County prepares for Tuesday’s primary election |

County prepares for Tuesday’s primary election

Steve Ranson
Norm Frey

After two weeks of early voting, voters will have only two more opportunities to cast votes for the primary election.

Today is the final day of early voting at the Churchill County Administration building’s Commission Chambers (8 a.m.-6 p.m.), and for those who did not take advantage of short lines, the primary election is Tuesday at the Fallon Convention Center from 7 a.m.-7 p.m.

Erin Montalvo of the Churchill County Clerk’s/Treasurer’s Office said the early voting turnout is about 11 percent. Through Wednesday, 1,372 residents have either cast votes or sent in absentee ballots.

“The number of votes is a little more than in 2008,” Montalvo said, citing that 1,164 voted in the early election.

According to Montalvo, the lack of “heated” primary races usually causes a decline in the number of people participating in early voting.

The only local race with a primary is Assembly District 38 between former Churchill County Commissioner Norm Frey and Smith Valley physician, Dr. Robin Titus.

Statewide for the Democrats, primary elections are for governor, Congressional District 2 and lieutenant governor. For the Republicans, primaries are being held for lieutenant governor, govenor, and controller.

For Churchill County residents, the primary for AD 38 pits two staunch Republicans vying for Tom Grady’s seat. Grady, the former Yerington mayor, is termed out and cannot run again.

Frey, a fourth-generation Nevadan who operates the 900-acre family farm west of Fallon, served as Churchill County Commissioner before he was termed out in 2012. Frey is well known in the state for his work in preserving Nevada’s water resources.

Under Frey’s leadership, he has been active in the development of Churchill County’s water and wastewater systems, a new juvenile justice facility, improved airport, improved roads and a new community gymnasium.

Frey has also served as president of the Nevada Association of Counties. Through his work with Churchill County and NACO, he has been successful on projects to obtain and retain geothermal revenues for 31 western communities to include Churchill County, the second largest geothermal-producing county in the United States.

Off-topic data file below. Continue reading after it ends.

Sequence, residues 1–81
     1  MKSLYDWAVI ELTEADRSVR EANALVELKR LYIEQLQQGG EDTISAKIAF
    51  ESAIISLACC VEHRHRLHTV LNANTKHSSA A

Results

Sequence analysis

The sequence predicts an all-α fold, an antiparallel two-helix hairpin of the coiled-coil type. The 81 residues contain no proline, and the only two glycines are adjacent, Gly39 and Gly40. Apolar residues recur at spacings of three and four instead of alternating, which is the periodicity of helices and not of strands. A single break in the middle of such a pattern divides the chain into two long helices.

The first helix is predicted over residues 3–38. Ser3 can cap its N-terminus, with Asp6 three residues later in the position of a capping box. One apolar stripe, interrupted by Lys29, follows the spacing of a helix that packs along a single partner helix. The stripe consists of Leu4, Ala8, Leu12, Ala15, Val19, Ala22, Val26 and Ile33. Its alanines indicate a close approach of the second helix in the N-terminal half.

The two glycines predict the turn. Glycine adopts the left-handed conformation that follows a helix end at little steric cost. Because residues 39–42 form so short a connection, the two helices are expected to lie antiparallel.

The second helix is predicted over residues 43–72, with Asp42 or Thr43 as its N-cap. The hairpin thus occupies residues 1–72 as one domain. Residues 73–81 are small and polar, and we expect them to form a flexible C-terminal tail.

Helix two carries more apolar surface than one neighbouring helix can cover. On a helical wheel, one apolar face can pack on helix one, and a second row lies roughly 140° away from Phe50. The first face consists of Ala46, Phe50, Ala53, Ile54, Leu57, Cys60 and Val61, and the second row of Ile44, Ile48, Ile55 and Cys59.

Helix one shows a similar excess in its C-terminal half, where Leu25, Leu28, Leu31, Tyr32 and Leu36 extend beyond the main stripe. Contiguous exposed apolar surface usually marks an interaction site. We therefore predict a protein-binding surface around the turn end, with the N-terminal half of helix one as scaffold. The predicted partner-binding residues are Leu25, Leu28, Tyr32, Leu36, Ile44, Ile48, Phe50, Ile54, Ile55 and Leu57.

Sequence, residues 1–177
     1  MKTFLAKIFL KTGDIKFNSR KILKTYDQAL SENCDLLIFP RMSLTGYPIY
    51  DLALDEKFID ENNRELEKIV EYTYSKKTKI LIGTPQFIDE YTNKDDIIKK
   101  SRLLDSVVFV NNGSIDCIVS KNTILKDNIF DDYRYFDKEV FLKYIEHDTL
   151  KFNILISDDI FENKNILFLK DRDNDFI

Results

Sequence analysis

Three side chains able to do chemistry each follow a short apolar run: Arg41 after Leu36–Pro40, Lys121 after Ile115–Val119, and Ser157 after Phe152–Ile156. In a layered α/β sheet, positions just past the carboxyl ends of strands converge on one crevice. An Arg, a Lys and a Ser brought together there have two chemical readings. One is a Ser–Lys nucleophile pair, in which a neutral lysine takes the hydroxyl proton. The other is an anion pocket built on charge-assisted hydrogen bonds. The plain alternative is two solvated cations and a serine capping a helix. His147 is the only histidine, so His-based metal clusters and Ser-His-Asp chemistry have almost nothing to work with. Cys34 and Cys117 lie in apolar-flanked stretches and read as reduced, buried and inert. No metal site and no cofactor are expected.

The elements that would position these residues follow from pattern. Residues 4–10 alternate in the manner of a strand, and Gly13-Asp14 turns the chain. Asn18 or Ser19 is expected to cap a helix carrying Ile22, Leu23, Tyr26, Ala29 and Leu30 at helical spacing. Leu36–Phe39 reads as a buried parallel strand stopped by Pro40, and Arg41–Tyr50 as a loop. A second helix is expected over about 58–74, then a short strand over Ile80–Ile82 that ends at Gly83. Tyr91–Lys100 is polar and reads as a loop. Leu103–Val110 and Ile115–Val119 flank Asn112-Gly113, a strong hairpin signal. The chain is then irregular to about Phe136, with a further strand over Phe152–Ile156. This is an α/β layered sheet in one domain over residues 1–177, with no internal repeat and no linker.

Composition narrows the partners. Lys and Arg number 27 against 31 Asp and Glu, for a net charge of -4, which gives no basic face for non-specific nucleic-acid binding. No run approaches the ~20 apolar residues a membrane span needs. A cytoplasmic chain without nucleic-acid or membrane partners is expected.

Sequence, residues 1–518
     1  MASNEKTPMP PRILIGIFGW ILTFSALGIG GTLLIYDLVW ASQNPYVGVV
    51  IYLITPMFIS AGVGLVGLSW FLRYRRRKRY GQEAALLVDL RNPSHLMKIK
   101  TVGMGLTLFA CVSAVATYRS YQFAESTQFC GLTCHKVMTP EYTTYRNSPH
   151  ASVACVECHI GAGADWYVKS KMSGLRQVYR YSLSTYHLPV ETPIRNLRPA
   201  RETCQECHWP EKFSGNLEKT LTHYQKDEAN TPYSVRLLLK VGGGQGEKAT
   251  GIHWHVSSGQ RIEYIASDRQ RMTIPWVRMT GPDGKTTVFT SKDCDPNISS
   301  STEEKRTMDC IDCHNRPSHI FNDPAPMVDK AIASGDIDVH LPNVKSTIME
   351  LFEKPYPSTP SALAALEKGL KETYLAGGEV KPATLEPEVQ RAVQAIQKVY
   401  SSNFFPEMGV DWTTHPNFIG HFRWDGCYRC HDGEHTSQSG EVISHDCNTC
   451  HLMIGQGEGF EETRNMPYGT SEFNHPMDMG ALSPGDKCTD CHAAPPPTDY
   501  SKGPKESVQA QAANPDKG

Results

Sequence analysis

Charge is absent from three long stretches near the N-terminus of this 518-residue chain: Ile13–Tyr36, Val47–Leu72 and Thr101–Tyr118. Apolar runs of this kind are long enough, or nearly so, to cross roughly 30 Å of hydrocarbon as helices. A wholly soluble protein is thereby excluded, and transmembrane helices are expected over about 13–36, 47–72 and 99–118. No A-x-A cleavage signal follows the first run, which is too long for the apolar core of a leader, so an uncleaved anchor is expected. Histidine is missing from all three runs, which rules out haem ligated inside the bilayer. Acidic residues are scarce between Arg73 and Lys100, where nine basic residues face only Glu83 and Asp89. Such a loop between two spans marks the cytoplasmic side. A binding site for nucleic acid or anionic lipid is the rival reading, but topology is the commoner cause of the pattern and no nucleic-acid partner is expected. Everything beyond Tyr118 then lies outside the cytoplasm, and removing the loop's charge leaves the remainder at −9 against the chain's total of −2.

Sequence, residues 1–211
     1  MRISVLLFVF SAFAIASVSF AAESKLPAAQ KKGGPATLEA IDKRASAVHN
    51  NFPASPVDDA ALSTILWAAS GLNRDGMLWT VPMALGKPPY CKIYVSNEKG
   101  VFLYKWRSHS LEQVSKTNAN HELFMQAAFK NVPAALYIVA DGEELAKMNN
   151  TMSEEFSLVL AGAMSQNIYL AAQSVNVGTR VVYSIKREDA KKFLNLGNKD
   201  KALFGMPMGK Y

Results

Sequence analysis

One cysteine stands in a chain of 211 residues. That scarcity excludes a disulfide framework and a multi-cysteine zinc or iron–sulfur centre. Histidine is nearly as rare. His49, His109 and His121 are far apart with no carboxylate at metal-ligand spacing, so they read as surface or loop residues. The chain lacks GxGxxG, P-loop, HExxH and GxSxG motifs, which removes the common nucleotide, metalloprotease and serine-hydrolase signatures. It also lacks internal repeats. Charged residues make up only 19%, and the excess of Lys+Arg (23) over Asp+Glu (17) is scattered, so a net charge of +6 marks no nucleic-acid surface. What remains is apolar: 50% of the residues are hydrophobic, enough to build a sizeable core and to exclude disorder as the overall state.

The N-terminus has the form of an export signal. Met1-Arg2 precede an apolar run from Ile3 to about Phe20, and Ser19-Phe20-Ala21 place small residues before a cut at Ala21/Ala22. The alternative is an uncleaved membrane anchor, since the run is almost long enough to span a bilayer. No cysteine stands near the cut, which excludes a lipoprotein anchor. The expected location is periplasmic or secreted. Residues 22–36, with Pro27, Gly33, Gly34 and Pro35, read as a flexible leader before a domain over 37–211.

He was also on the NACO team that was successful in working with Nevada’s congressional delegation to secure full funding of Payment In Lieu of Taxes (PILT). This work resulted in an additional $140 million going to 1,850 public lands counties — $7 million to Nevada counties in 2014.

Frey also serves on the Board of Directors for Central Nevada Regional Water Authority. He and his wife, Sue, were presented with the 2009 Andy Aldax Award by the Carson Water Subconservancy District for conservation and preservation efforts on the Carson River in western Nevada.

Titus said the Assembly eat is one in which she has been interested for years. Titus uses Nevada’s economy as an example of “putting all its eggs in one basket” when the recession hit in 2008, helping to rank the Silver State at the top of national unemployment and foreclosure statistics.

“The economic value of Lyon County and Churchill County is not respected in this state. As a rural person, I think I can help them have a strong voice,” she said. “We bring real money — the ranchers, farmers, miners — that does not receive the respect we’d like to have.”

Titus sees the battle between Clark and Washoe Counties as the two largest counties in Nevada over “getting their fair share.”

“I don’t want the rural counties to be ‘fly over counties.’ Clark and Washoe counties have to know how important we are and how far we go in holding this state together. I understand what Clark and Washoe counties want, but they cannot ignore the rurals. So many times the rurals are totally ignored.”

Titus said she is realistic about what she can get done and how to get it done.

She received a Doctorate of Medicine from the University of Nevada School of Medicine in May of 1981 and took over the practice of Dr. Mary Fulstone in 1984. And, now, she has practiced for more than 30 years.

Titus, who makes house calls, also covers the emergency room at the Yerington hospital while continuing to serve as Lyon County’s health officer.